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Tax Rate Increases by One Cent – Investments in Community
Richmond County, NS – Richmond County Council approved its 2021/2022 budget at a Special Council meeting on June 2, 2021, resulting in a one cent tax increase and more investment in communities.
Highlights of the budget include an increase in mandatory contributions for services such as policing, education, and housing of over $120,000 on a budget that generates approximately $90,000 in revenue for every one cent of tax charged. This put significant pressure on Councillors and staff during a time when many residents are already suffering as a result of the impacts of the pandemic.
Throughout budget deliberations, Council discussed the importance of increasing investment in infrastructure reserves, staffing, and communities. However, with many residents facing a loss in income combined with rising costs related to housing, food, and heating/energy Council decided to postpone some of these investments for this year.
“We recognize that Richmond County has a high percentage of our population who are seniors faced with skyrocketing costs from food to house insurance during the pandemic – of course we’re concerned that they may have a limited ability to manage a higher tax hike at this time, and that impacts our ability to be an age friendly community. Our business community has struggled to adapt, and we can’t forget about our cultural sector, and the many rotational workers who have seen their ability to earn dry up almost completely. So, Council has taken an approach of making incremental increases in several areas to try to avoid a major increase in any one area. These are exceptional circumstances and exceptional times,” explained Warden Amanda Mombourquette.
The 2021/22 budget includes provision for several studies that Council determined were priority investments. These include a refresh of the Strategic Plan, an assessment of the former school in Evanston, a trails study, an accessibility study, a leachate study, and an inflow and outflow study for the Petit de Grat sewer system. These investments will be catalysts for economic growth, social inclusion, and environmental responsibility.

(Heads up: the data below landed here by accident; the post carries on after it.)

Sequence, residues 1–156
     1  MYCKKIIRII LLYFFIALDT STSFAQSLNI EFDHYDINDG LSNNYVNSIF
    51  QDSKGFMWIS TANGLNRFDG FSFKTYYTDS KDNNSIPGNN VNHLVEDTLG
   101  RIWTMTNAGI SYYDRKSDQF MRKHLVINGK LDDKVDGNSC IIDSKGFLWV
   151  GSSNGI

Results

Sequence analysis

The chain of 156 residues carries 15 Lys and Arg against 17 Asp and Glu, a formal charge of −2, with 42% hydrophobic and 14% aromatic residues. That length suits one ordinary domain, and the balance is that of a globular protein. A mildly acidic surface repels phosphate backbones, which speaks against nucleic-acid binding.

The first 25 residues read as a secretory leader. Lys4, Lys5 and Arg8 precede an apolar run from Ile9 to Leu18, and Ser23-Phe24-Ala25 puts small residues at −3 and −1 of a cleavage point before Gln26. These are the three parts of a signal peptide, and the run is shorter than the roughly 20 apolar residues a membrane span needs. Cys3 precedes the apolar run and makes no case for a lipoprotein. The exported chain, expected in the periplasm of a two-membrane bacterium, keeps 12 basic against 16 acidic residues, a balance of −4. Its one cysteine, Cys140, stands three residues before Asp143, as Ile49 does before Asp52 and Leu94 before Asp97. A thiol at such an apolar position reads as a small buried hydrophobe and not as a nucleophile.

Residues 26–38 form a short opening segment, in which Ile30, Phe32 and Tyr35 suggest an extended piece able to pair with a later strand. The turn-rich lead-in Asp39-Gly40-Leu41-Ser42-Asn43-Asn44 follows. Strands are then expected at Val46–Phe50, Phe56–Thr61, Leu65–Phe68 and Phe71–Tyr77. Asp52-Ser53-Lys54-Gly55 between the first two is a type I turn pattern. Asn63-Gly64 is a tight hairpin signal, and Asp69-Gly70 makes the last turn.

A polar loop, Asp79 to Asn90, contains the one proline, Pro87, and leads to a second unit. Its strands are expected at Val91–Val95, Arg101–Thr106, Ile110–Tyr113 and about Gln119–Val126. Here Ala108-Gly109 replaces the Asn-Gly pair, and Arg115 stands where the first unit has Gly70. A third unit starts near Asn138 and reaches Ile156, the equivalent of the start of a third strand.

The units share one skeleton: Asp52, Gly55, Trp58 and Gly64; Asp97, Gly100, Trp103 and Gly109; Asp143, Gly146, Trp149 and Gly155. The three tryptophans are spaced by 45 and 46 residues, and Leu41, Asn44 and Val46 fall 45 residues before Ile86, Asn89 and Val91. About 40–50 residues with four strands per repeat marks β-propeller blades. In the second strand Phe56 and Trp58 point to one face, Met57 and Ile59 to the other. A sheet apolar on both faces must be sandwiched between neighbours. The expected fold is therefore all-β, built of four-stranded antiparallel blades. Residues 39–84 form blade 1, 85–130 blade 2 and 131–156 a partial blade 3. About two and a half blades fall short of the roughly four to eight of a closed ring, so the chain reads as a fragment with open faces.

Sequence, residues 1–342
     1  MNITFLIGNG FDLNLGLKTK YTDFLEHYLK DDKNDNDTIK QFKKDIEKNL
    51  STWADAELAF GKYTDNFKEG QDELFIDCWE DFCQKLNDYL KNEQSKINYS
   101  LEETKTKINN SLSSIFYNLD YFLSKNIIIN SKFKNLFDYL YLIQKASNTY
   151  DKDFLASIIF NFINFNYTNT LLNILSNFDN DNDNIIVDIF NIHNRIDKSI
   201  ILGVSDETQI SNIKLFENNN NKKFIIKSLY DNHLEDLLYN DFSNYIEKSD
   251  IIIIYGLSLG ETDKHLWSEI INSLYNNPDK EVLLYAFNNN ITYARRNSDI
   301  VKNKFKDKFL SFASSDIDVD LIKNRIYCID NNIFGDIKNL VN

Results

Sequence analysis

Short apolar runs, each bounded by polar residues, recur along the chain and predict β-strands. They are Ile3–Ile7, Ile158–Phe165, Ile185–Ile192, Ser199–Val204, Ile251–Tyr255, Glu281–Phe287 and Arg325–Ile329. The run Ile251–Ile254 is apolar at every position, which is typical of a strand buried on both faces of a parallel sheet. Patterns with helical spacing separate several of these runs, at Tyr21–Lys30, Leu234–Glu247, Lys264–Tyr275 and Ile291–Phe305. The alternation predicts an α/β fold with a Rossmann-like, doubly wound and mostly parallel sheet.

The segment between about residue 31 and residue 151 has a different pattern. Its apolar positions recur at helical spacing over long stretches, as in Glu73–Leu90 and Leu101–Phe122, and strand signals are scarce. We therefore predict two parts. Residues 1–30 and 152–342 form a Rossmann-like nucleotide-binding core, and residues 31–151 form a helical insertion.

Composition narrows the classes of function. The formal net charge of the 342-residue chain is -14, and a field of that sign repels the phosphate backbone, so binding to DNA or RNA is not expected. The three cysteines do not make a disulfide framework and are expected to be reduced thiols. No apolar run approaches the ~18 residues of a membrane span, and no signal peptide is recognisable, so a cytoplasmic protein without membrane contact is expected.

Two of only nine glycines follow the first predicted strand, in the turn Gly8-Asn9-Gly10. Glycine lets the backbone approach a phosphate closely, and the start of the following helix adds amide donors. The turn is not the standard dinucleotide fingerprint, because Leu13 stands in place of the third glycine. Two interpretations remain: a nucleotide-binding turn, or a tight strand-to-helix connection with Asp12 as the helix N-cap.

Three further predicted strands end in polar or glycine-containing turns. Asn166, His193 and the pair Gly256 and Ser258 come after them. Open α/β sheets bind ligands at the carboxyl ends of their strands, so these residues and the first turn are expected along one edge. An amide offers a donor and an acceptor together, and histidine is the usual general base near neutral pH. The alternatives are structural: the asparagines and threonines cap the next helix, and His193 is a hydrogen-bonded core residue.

Last year, Richmond County Council had taken an approach of making strategic investments decided at budget time in specific initiatives and community groups in areas such as health and transit. COVID-19 has changed the non-profit landscape dramatically and many community groups have had little to no ability to raise funds for an extended period of time – a situation that no one could have predicted at the onset of the pandemic. In response, this budget builds on the work of the previous Council by increasing investments for non-profits by approximately $100,000 in a combination of funds set aside for future grant applications and specific strategic investments in organizations such as Cape Breton South Recruiting for Health, Senior Safety Coordinator, Strait Area Transit, local museums, food banks, and several others.
“This budget had to be very focused on providing support where it’s needed most. It results in staff and Council standing in solidarity with constituents to keep the tax rate increase to a minimum,” noted Mombourquette with regards to the elimination of both the planned cost-of-living increase and the technology allowance for Council, and a reduction in planned increases for staff. “I know how hard our Councillors and staff have been working, so this has been an extremely difficult decision to reach. Staff in particular have ensured the continuity of municipal operations during the pandemic, and we all appreciate their effort. At the same time, it’s important that we pass a budget that builds trust in our municipal government - that we really are in this together,” she explained.
Overall, Richmond County passed a balanced budget of $14.1 million at the June 2nd Special Council Meeting, with an increase in revenues and expenditures over last year’s budget of just over $400,000.
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Warden Amanda Mombourquette